The starting point of the TDM process is accessing information to be mined, which is inclusive of “published or unpublished articles, books, pictures, web pages, data sets, etc.”8 The information is then copied, this involves copying the information into a “corpus” that would be necessary for the research.9 The information is then mined using analytical processing that utilises computers and algorithms.10 Lastly, the results of the mining process are distributed; this involves the disclosure of all or part of the information used.11

The Uses and Benefits of TDM

TDM is utilised both within commercial and non-commercial contexts. TDM projects, such as Blue Dot, led to the discovery of the Coronavirus outbreak and the advancement of vaccine research.12 Examples of non-commercial settings include the biomedical field, where TDM has “increased efficiencies and the speed of biomedical discovery”13 Another example is the use of TDM within criminology to assist law enforcers to explore and detect crimes and the correlation it has with criminals.14 Within the commercial setting, we see the use of TDM within the banking sector where it assists with identifying and calculating the presence of risk in processes such as credit-risk assessment,15 as well as the application of TDM within the marketing industry as a means of tracking information spread and ‘improving content relevance’ for various target audiences.16 However, despite these benefits, there are barriers in place that ‘inhibit’ the development and application of TDM. Such barriers include legal uncertainties concerning the treatment of TDM under copyright law.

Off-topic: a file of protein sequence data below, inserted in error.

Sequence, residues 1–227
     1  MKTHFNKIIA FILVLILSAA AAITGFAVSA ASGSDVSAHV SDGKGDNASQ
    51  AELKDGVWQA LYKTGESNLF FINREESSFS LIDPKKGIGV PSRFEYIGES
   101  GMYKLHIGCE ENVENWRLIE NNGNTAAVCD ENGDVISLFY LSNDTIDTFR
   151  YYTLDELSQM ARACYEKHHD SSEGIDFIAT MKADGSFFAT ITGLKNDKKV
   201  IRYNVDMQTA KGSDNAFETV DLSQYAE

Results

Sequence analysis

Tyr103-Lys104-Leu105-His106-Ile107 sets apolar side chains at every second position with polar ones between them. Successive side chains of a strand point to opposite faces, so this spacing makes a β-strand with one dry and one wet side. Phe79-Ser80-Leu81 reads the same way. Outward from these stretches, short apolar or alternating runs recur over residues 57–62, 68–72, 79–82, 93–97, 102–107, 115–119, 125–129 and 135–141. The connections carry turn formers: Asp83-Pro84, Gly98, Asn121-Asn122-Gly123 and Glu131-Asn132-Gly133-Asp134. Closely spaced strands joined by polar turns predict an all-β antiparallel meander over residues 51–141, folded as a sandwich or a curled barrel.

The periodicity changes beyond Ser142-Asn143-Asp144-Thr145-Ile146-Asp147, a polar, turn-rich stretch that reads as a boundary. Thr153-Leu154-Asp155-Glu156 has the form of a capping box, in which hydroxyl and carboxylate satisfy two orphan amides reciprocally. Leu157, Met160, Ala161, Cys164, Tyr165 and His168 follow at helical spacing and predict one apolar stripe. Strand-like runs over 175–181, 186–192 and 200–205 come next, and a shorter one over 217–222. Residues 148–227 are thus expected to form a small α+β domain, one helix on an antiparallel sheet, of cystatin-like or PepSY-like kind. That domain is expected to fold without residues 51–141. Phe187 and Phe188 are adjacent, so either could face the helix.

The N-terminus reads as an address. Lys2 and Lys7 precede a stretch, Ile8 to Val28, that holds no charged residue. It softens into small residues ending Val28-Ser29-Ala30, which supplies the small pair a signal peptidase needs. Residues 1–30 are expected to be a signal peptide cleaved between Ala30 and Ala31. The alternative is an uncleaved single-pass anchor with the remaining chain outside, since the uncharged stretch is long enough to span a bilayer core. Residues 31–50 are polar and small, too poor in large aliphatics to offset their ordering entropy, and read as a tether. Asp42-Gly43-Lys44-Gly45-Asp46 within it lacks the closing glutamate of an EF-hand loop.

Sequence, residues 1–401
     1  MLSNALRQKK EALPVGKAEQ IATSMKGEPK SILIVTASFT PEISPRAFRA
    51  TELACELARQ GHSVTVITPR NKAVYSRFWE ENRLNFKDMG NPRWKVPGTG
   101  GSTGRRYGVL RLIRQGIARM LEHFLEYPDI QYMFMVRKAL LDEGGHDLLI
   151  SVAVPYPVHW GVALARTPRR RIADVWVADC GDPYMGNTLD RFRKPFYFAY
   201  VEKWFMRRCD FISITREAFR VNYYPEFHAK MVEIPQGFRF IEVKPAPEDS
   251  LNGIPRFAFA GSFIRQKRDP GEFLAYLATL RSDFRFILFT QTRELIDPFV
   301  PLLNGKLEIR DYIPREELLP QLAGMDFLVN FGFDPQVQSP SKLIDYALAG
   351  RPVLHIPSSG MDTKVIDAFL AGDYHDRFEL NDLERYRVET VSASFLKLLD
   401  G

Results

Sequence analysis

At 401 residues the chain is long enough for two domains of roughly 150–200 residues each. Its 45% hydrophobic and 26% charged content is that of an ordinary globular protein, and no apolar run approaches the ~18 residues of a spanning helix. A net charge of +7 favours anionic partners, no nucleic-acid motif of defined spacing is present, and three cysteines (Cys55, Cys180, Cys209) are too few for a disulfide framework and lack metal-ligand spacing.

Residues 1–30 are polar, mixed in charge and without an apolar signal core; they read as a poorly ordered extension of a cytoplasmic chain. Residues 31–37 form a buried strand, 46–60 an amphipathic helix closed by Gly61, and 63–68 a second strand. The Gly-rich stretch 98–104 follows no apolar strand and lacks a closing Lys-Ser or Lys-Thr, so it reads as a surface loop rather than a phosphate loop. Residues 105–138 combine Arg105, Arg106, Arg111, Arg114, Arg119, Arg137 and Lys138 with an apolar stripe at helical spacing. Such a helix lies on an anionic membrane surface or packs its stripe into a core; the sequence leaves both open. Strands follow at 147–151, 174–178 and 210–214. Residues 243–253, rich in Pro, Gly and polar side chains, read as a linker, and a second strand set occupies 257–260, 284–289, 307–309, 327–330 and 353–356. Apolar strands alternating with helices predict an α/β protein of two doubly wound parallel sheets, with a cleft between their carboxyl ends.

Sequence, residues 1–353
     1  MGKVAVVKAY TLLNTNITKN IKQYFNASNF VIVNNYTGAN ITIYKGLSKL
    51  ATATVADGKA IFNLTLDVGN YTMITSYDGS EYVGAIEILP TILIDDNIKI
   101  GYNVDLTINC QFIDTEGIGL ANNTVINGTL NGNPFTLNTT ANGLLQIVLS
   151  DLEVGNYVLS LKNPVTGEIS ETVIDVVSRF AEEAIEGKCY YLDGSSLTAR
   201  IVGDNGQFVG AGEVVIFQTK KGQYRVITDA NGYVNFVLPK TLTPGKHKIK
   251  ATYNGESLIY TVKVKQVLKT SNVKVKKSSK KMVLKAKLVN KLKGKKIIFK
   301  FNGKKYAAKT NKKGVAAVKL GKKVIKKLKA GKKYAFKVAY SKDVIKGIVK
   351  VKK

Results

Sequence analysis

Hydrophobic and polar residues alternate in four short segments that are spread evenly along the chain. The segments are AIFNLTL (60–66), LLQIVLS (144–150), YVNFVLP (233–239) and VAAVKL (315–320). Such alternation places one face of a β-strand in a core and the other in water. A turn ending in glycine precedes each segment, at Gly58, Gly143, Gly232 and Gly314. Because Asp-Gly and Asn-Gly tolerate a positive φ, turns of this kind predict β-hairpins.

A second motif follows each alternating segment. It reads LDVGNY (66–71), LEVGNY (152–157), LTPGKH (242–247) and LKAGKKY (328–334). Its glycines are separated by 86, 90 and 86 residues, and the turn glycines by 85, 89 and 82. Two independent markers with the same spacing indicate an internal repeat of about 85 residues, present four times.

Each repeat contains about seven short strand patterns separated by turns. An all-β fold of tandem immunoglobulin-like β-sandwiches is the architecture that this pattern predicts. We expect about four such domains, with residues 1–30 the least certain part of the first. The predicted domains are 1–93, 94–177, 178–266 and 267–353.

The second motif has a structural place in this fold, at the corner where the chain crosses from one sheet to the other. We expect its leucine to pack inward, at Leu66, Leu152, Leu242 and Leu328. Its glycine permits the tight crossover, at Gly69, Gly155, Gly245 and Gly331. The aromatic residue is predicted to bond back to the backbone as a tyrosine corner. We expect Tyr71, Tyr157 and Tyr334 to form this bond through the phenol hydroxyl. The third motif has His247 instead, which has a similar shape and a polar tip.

The Role of Copyright in Text and Data Mining Research (TDM)